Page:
Sun, Jun 15, 2014 - Page 13 News List

World Cup lovers packing extra dollars as real surges


For foreign soccer fans swapping their dollars for reais as they arrive in Brazil for the World Cup, the tournament could hardly come at a worse time.

The real has gained 5.5 percent against the greenback this year, the most among 31 major currencies, making everything from hotels in Copacabana to Brazil’s signature caipirinha cocktails more expensive for foreign visitors.

Six months from now, when the tournament’s over, the currency is likely to be almost 7 percent cheaper at 2.4 to the US dollar, according to the median forecast of 28 strategists surveyed by Bloomberg.

“Planning the trip to Brazil has been a logistical nightmare,” said Joe Street, a 37-year-old New Yorker.

He anticipates spending about 40 percent more in Brazil than he did going to watch the World Cup in South Africa in 2010, citing the cost of everything from hotel rooms to airfares.

The 600,000 foreign fans that Brazilian government officials expect for the World Cup are getting squeezed as Central Bank president Alexandre Tombini intervenes in the foreign exchange market to prop up the real and curb inflation.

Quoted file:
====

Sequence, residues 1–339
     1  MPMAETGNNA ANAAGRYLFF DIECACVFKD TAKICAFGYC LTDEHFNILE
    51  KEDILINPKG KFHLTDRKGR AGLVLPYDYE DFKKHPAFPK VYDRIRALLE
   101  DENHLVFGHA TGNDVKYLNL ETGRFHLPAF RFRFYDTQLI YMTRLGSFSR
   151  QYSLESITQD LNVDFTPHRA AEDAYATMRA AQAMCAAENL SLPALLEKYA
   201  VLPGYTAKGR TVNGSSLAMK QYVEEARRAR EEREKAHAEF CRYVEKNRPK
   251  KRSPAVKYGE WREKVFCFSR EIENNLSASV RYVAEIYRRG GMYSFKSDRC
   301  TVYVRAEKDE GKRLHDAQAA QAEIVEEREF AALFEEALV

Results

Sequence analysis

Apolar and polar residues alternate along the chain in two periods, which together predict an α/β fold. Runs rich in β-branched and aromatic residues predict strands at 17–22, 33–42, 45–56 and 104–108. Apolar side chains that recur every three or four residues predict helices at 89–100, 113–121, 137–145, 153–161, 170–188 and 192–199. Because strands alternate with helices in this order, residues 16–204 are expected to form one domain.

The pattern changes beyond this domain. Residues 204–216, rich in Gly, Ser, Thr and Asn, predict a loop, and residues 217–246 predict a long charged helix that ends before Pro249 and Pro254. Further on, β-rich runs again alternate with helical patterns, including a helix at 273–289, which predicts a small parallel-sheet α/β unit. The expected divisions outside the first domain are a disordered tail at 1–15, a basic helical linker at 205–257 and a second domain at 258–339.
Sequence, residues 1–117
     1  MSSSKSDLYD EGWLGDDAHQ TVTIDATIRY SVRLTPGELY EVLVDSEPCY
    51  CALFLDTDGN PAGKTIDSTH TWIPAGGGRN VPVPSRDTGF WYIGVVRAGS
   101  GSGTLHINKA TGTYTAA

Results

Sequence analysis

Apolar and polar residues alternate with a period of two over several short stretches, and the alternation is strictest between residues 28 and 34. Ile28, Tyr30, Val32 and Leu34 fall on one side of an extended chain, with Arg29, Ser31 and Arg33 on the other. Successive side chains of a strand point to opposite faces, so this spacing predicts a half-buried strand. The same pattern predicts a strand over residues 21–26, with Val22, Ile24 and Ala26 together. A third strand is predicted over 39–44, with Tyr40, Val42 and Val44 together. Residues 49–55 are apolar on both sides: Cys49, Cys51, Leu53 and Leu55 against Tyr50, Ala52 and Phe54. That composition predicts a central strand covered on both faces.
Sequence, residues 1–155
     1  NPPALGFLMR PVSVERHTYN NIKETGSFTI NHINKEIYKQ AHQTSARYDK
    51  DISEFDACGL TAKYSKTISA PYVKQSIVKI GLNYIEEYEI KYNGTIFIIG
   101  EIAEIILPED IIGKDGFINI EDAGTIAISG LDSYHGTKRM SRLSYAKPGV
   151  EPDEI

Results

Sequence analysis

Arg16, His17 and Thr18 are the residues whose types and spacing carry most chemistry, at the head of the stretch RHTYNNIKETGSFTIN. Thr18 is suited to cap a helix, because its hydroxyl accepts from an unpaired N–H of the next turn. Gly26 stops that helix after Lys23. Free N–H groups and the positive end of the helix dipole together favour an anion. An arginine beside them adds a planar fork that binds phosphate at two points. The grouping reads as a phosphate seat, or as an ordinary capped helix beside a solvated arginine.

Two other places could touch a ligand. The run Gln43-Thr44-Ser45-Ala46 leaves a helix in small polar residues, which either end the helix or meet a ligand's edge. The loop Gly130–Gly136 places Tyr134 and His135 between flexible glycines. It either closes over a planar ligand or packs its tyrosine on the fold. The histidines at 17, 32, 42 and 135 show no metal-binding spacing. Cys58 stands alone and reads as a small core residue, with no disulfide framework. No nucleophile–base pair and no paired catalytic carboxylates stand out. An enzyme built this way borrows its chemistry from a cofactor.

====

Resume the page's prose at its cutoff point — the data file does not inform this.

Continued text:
The Brazilian Tourism Ministry estimates foreigners will spend about 5,500 reais (US$2,460) each, plowing a total of US$1.5 billion into shops and restaurants.

The real climbed to a six-month high of 2.1832 per US dollar on April 10 and traded at 2.2395 at 10:13am in New York. That is down 0.4 percent from Thursday, when Brazil beat Croatia in the tournament’s opening match.

The currency’s gains this year follow three straight years of losses when it plunged 33 percent.

Soccer fans from Europe will find the euro 6.6 percent weaker versus the real this year, while British fans will get less for their money after the pound fell 2.9 percent against the Brazilian currency.

Policy makers have sold foreign-exchange swaps and dollar credit lines to support the real since August last year, when the currency fell to a five-year low of 2.4549 per US dollar.

The central bank extended its US$60 billion currency intervention program this month after inflation accelerated to 6.37 percent last month, approaching the 6.5 percent top of the country’s target.

The rally will turn into a slump as economic growth sputters and the current-account gap widens, according to strategists at HSBC Holdings PLC and Credit Agricole SA.

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